With the reissue of the classic Jazz Suite Inspired by Dylan Thomas’ Under Milk Wood on vinyl for the first time since 1976 it seems appropriate to mark the occasion by republishing the pianist’s Playlist that was initially featured on the Jazz Views website in early 2014 shortly after Stan passed away.
In a career spanning seven decades, pianist Stan Tracey’s long and remarkable working life as a professional jazz musician had many high points, leaving behind rich legacy in his substantial discography.
As house pianist at Ronnie Scott’s Club in Soho he got to play with many of the visiting American musicians, prompting Sonny Rollins to enquire if we knew just how good he was, and in 1965 recorded the classic Under Milk Wood inspired by Dylan Thomas.
Since then he has led many a fine band ranging from trios right through to his big band that often performed the music of Duke Ellington, and for twenty five years he led the quartet featuring saxophonist Art Themen, Roy Babbington on bass, and the young Clark Tracey on drums.
More recently he has fronted a trio with son Clark, and bassist Andy Cleyndert and a quintet that featured Simon Allen on saxophones and trumpeter Mark Armstrong.
Soon after making the approach to Stan to supply a Musician’s Playlist of his all-time favourite albums Stan was taken ill, and sadly passed away in December 2013. At this point, Clark stepped in to complete the list that Stan had started, picking music that he recalled being played around the Tracey home when he was growing up, that he and Stan had listened to and discussed together. In a slight departure from our usual format the following contains some individual tracks as well as complete albums.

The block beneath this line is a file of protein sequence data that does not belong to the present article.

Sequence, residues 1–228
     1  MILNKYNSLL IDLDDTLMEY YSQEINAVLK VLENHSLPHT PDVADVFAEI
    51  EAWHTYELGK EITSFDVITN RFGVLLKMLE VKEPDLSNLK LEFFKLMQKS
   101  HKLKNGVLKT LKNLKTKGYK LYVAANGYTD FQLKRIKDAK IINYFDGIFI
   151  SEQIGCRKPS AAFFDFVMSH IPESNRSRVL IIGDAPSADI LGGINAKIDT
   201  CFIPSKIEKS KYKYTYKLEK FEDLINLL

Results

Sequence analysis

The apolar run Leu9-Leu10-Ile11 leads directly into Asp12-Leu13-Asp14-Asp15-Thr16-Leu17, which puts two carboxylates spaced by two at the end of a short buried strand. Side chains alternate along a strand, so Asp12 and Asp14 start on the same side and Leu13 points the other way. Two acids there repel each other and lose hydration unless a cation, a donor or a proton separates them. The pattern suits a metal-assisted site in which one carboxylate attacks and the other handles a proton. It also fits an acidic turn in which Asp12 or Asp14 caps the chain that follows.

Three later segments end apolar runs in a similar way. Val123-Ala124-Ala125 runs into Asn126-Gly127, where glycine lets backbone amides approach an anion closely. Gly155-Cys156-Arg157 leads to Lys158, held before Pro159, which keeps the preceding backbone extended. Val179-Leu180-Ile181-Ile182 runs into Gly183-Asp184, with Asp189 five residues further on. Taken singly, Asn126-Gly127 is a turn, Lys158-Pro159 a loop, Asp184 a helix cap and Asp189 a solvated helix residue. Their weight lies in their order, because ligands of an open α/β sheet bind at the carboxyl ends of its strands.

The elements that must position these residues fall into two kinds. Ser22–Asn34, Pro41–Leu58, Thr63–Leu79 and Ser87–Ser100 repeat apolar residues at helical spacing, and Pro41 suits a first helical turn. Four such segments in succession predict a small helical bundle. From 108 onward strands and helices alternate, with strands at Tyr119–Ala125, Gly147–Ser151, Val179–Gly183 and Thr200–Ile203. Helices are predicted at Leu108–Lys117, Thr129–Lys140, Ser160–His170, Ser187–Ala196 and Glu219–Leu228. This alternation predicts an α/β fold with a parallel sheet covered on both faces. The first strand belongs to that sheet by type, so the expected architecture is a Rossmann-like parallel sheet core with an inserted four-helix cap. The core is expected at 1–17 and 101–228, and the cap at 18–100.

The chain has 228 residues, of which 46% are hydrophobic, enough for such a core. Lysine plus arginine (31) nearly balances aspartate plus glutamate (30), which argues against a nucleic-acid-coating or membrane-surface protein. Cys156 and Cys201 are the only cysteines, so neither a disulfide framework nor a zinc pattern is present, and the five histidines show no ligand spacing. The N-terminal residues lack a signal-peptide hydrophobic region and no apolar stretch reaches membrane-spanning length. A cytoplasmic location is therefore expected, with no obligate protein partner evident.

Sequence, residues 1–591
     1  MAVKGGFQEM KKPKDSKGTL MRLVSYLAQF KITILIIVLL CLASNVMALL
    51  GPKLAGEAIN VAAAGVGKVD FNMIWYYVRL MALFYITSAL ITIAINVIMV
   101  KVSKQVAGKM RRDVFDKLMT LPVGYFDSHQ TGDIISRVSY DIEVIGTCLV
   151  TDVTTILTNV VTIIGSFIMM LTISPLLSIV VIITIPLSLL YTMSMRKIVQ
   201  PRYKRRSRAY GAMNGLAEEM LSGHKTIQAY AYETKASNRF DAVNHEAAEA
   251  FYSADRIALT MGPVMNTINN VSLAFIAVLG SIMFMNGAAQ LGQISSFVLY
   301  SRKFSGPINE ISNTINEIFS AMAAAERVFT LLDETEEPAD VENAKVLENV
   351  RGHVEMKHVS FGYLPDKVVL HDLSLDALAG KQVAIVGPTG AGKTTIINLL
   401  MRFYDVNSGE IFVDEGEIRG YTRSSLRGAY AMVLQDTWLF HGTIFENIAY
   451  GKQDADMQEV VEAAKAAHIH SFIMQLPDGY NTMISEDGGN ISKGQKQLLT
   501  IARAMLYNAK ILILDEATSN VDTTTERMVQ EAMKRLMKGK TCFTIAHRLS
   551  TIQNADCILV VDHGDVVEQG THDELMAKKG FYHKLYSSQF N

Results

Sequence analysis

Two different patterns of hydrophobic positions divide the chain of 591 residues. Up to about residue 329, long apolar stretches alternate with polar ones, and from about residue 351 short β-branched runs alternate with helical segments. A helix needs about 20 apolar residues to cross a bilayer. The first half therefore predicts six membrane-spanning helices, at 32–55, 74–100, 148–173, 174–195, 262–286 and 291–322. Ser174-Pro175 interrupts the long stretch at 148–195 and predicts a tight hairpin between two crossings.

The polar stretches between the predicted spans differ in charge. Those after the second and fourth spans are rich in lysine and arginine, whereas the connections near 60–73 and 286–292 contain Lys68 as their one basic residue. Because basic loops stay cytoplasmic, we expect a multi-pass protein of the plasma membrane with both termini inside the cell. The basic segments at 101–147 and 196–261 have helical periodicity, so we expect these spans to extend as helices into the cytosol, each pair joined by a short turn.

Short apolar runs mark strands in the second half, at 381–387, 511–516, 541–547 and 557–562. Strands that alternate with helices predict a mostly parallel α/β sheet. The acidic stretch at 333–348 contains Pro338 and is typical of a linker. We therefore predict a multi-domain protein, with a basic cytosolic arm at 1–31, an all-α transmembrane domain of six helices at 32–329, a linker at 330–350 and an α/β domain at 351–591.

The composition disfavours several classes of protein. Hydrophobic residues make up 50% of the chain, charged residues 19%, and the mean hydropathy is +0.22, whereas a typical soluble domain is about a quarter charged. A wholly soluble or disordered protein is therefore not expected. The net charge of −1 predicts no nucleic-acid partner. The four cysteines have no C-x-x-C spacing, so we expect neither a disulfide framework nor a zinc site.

Thelonious Monk – Brilliant Corners
From the album of the same name.
Duke Ellington – A Tone Parallel To Harlem
Any version – he loved the orchestration.
Duke Ellington – Mood Indigo (extended version)
Again the orchestration on this 1935 version was a favourite of Stan’s
VARIOUS ARTISTS – Musique D’Afrique
From a series of recordings made by one Hugh Tracy in the 50s, while visiting remote tribes.
STRAVINSKY – Rite Of Spring
A very popular piece in our house and often saw it live.
RAVEL – L’Enfant Et Les Sortileges
One of the few times Stan enjoyed a classical voice. This was played a lot.
HARIPRASAD CHAURASIA/ZAKIR HUSSAIN – Duets
After his visit to India, Stan tracked these two musicians down on vinyl.
The blind New York street musician who played in odd time signatures on a variety of home-made instruments. Always appealed to Stan.
CHARLIE PARKER – Now’s The Time
From the album Bird at St Nick’s, this epitomised Bird for Stan at the time he watched him live in New York.
BUD POWELL –The Amazing Bud Powell: Vol. 1
Likewise, Stan was a fan of Bud Powell after watching him in New York. Stan’s first bebop influence, before Monk.